Latest wave of cuts announced by West Berkshire Council today
Public transport, libraries, museums and charities all set to be hit under fresh proposals
FUNDING for public transport, libraries, museums, theatres and charities is set to be slashed in the latest round of shocking cuts to public services proposed by West Berkshire Council.
The cash-strapped local authority is hoping to save a massive £17.5million in the next financial year with £10.8million worth of savings and massive cuts to 38 public services already approved by the council's executive in the first phase.
The Conservative-led council is now proposing to make further cuts in Phase Two by slashing funding in 16 areas, many of which had already seen heavy cuts in Phase One.
Residents have until Monday, March 7, to have their say on the proposals with the council asking the public to explain how they will be affected by the cuts and any ideas they have which might help mitigate that impact.
The proposals, announced in full today for the first time, would see the following cuts made to public services:
Public Transport would have funding slashed by a further £460,000 in 2016/17 following the council's proposal to cut £320,000 in the previous consultation. This will mean drastic changes to bus services including a reduction in the services from Newbury to Wash Common, Hungerford and Lambourn, as well as withdrawing funding for the Readibus scheduled service between Newbury, Thatcham and Reading.
Eight of the nine libraries across West Berkshire would close, as well as the two mobile libraries, saving the council £730,000.
The council propose to reduce the net cost of running West Berkshire Museum by £40,000 a year by reducing schools and other educational work by 40 per cent, cutting recruitment and training by 20 per cent, and reducing public access to the museum's collections by 20per cent.
West Berkshire Citizens Advice Bureau would have a further funding cut of £25,000, on top of the £15,000 already proposed, meaning a total reduction in funding of £40,000 (18 per cent) in 2016/17.
Children's centre services will see another £150,000 slashed from its funding following a £300,000 cut in funding already consulted on in the first phase.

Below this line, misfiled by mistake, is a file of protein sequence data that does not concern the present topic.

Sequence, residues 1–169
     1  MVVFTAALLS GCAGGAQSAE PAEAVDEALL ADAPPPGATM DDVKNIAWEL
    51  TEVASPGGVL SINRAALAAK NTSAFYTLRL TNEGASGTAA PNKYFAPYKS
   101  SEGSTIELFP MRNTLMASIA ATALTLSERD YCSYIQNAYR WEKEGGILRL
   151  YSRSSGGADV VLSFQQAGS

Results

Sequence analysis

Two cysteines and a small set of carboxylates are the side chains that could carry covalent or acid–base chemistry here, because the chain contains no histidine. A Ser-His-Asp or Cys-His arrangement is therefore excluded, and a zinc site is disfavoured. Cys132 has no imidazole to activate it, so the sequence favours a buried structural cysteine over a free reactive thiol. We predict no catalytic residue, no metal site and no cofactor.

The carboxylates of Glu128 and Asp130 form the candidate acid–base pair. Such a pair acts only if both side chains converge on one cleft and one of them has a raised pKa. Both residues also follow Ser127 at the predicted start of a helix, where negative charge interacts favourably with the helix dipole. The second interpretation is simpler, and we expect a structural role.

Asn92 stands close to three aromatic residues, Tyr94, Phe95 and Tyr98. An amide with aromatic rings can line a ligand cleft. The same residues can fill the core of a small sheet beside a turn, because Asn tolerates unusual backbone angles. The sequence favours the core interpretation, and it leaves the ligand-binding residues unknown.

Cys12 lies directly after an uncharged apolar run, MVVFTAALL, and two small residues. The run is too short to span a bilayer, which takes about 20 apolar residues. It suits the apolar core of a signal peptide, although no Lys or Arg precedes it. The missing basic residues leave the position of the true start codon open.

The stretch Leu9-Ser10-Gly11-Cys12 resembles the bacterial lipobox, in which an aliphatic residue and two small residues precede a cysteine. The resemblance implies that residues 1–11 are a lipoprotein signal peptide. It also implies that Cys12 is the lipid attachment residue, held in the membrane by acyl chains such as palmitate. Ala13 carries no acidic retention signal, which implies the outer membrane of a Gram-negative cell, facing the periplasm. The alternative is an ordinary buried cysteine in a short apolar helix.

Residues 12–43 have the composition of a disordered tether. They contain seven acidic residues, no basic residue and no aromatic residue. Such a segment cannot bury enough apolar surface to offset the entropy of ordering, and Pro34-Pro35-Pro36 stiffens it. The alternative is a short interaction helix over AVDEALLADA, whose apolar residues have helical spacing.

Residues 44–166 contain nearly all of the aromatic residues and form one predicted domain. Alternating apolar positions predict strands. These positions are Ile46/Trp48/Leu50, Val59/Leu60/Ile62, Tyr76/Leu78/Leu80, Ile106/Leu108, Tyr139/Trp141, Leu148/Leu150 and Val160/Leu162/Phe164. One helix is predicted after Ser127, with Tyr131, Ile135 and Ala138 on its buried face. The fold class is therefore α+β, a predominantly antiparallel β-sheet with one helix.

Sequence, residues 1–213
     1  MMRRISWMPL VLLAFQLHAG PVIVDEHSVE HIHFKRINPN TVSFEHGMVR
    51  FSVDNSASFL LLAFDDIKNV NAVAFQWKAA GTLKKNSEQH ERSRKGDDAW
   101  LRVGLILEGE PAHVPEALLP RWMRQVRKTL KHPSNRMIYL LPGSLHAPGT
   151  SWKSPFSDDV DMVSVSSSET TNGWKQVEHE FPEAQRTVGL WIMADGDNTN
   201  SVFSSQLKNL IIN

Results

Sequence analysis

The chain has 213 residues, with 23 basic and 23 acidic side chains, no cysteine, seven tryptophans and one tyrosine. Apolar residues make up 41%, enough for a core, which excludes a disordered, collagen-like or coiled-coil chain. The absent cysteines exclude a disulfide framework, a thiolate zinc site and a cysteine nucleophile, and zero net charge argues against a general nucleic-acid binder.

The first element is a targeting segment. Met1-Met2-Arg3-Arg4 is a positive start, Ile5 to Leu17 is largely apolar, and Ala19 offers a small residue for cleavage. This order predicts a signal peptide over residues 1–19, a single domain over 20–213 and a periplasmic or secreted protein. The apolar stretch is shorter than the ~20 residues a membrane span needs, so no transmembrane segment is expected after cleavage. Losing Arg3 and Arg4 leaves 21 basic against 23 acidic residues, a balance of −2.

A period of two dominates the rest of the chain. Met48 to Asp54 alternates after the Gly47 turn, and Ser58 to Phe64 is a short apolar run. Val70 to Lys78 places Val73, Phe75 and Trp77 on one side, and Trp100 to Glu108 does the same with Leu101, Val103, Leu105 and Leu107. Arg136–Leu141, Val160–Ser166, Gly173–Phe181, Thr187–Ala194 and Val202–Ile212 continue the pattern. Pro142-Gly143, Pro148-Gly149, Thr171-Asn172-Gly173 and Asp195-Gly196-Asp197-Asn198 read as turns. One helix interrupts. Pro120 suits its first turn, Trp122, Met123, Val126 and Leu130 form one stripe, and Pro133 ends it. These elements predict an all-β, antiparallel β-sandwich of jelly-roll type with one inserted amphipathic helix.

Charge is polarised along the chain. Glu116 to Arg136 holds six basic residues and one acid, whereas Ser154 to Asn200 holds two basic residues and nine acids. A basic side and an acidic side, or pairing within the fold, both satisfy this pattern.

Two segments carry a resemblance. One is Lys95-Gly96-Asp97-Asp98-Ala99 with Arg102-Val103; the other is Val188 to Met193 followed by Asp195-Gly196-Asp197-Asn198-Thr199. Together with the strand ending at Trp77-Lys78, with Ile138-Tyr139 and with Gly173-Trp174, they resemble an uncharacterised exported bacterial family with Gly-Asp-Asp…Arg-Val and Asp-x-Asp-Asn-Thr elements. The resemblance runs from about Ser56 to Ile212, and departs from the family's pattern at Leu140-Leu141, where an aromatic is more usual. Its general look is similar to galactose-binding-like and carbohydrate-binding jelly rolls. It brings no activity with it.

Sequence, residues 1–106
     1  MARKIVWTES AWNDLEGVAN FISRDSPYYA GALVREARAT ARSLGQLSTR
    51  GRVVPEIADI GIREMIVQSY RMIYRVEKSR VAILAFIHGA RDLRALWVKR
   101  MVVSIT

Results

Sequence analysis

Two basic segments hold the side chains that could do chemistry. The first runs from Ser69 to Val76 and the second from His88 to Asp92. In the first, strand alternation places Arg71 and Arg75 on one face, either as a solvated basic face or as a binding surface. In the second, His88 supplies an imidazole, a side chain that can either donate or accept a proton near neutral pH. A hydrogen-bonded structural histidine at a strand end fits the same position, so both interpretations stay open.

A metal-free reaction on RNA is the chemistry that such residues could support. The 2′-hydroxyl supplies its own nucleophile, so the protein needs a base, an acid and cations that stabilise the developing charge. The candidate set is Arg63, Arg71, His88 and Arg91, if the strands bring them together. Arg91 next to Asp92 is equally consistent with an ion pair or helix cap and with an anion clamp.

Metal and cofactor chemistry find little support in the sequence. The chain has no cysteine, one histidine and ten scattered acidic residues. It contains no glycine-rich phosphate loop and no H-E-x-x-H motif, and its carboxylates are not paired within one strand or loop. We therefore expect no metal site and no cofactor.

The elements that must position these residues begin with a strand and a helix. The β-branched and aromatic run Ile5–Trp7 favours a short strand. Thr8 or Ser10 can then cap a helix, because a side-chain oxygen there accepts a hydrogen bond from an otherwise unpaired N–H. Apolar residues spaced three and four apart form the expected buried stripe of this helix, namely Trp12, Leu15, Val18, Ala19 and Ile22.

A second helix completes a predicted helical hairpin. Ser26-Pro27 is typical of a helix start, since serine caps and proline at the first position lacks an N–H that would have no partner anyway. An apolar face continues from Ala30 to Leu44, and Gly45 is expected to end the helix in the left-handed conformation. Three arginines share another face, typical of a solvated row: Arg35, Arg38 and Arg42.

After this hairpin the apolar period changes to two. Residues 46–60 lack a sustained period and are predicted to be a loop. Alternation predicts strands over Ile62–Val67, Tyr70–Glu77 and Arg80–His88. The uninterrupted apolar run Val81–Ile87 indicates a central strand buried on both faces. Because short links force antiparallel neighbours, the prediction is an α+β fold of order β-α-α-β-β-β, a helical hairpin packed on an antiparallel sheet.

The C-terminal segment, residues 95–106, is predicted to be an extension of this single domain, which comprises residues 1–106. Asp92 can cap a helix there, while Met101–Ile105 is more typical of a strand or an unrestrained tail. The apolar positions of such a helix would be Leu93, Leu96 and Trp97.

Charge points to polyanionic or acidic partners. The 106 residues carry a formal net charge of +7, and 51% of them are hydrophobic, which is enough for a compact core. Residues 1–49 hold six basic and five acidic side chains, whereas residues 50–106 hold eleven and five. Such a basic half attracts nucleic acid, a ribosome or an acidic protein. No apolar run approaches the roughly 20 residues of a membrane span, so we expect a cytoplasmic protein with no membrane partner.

Funding to the Corn Exchange and the Watermill Theatre will be slashed by 44 per cent which the council hopes will save £150,000 per year.
Community Council for Berkshire (CCB), an independent charity with experience in community development work, will have its funding cut by 50 per cent to £3,400.
The Community Furniture Project (CFP) based in Newbury would also see its funding cut by 50 per cent to £5,623, with the remaining funding removed the following year.
The Domestic Abuse Response Team (DART) will see funding cut for one Family Support Worker (leaving the equivalent of 3.4 full time support workers), which the council says will save around £33,000 a year.
Adult Substance Misuse Support Services will have its overall budget cut by 8.4 per cent to £840,993, saving the council £71,000.
The West Berkshire Neighbourhood Wardens Scheme would see the council's annual financial contribution of £208,000 stopped.
Parking charges in car parks across Pangbourne, Thatcham and Theale will be increased while the reduced Sunday car parking charge in Newbury car parks will be scrapped and replaced with the higher weekday rate.
This is on top of the proposed increase in parking charges in the first phase of cuts which included changes to the tariff in the Newbury car parks and a 35 per cent increase in the price of season tickets.
All2gether, a not-for-profit Community Interest Company supporting minority communities in West Berkshire is to have £5,000 of its £10,000 funding cut, while the remaining funding will be removed in 2017/18.
Trading Standards, Environmental Health and Licensing services will be altered saving £50,000 in 2016/17, as well as the scrapping of funding to the Greener Sub-Partnership under the Phase One proposals.
The council's offices at Sainsbury's at Calcot will be closed resulting in savings of around £20,000.
The service at the Smallmead Household Waste Recycling Centre (HWRC) at Island Road, Reading, will be stopped for West Berkshire Residents, saving around £97,000.
Leader of West Berkshire Council, Roger Croft, said: "It's really important that people take the time to consider our proposals and have their say. Last week we welcomed news that following our lobbying of government we'll receive a £2.8m grant over the next two years. It won't go far but it will give us some more flexibility when we listen and respond to the consultation feedback. I'm encouraging people to have that conversation with us and tell us their views."
Details of the proposal and how to respond can be found here with a decision made on the latest round of cuts due to be made at the council's Executive Committee Meeting on April 21.